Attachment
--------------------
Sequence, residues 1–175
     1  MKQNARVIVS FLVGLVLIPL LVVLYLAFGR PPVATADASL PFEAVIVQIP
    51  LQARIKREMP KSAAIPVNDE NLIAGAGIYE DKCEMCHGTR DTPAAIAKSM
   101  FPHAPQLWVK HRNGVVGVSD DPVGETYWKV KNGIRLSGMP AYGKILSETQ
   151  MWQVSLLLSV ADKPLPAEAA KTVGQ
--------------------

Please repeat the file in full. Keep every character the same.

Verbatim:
Sequence, residues 1–175
     1  MKQNARVIVS FLVGLVLIPL LVVLYLAFGR PPVATADASL PFEAVIVQIP
    51  LQARIKREMP KSAAIPVNDE NLIAGAGIYE DKCEMCHGTR DTPAAIAKSM
   101  FPHAPQLWVK HRNGVVGVSD DPVGETYWKV KNGIRLSGMP AYGKILSETQ
   151  MWQVSLLLSV ADKPLPAEAA KTVGQ